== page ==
While nobody wants to hear this, the program is a closed book. Climate Leaders served its purpose from EPA's perspective in mobilizing industry to reduce greenhouse gas emissions during an Administration that demonstrated a complete lack of support for establishing climate policy. From industry's perspective, participating in the program has provided significant value in recognition, education and opportunity.
The message to convey to leadership is that this program has helped organizations quantify emissions, set goals and recognize that climate change and greenhouse gas emissions impact the company's bottom line. Now, it's time for companies to ask broader questions such as "What does climate change mean for my company?" and "What do we need to do to respond to climate change?" Identifying and participating in communities and programs that help with strategies for responding to climate change (including, but not limited to inventory quantification and reduction) is the next step.
A Time for Action
All of the areas of concern expressed by members of the program are valid and should not be disregarded or diminished in importance. However, a vibrant community of thought and action leaders from industry, government, academia and the non-profit community could clearly create a community and related programs that not only covered the gaps being created by the phase out of the Climate Leaders program, but frankly, could go much further than the program ever endeavored.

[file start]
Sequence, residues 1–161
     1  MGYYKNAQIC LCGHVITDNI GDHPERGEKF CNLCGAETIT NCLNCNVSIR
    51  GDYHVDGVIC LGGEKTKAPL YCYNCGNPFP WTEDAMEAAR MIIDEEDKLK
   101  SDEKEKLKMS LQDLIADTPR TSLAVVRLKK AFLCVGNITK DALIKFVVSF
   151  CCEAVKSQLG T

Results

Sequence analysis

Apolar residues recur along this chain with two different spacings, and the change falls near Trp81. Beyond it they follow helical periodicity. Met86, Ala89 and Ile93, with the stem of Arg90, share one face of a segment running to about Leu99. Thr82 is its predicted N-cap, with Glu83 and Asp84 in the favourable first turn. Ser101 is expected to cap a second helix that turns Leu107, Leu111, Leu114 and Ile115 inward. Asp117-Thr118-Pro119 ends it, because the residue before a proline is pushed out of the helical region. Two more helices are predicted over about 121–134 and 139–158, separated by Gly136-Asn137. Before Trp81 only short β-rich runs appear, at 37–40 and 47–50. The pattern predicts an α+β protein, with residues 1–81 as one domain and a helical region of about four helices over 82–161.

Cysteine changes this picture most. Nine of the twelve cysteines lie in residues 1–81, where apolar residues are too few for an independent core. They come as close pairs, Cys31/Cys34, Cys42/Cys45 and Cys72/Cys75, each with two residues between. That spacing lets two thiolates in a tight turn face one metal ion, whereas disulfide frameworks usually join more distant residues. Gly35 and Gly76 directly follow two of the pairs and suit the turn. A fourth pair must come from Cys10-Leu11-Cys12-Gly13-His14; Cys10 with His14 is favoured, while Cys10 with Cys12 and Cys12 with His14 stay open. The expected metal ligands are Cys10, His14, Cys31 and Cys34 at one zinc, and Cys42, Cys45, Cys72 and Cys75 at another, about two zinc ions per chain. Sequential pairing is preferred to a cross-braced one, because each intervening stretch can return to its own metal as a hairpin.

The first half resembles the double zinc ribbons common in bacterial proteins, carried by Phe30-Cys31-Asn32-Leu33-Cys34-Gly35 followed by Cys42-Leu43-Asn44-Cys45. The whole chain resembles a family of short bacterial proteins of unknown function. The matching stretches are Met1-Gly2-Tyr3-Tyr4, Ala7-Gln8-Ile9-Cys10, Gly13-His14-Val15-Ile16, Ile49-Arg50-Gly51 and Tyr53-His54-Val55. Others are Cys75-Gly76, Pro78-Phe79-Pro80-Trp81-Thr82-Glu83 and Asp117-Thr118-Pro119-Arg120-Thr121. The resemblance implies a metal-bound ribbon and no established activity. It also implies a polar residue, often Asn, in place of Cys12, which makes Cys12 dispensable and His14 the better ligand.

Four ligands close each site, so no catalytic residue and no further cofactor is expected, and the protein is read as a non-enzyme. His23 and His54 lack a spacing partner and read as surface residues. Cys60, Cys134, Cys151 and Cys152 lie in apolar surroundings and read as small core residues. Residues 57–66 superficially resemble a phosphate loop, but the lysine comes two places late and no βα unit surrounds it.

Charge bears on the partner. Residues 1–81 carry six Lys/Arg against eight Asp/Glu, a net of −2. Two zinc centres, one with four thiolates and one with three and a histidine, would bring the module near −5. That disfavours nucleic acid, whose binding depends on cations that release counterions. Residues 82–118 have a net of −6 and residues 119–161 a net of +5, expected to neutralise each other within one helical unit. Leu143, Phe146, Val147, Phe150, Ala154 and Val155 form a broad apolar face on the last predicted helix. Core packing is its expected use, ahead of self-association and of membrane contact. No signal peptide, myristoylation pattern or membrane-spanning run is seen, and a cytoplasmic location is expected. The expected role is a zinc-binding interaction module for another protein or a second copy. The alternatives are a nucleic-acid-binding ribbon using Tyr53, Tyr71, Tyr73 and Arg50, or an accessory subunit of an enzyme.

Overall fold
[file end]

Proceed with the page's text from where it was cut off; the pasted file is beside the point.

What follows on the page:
Imagine a community of climate professionals collaborating to develop best practices and methodologies, establishing standards and strategies for operationalizing supply chain programs, aggregating interests on emerging technologies, setting standards for energy efficiency and clean energy consumption, collaborating on adaptation, developing strategies for managing waste, assessing lifecycles of products and operations, and advancing the profession and function of climate change leadership in organizations …
This is the vision we had when we launched the Association of Climate Change Officers two years ago. This community can exist … it does exist … it needs to exist … and it will only realize its full potential if climate professionals across sectors take ownership and responsibility in building this community.
So I put it back to you the reader … are you going to wait on EPA or someone else to build YOUR community, or are you going to be a leader in establishing it yourself?
If you read the last question and felt motivated to help us build this community, please join us on November 8-9 at our Climate Change Leadership Summit for the first event for climate professionals featuring more than 25 working group sessions and designed to launch collaboration not just at the event, but going forward as well.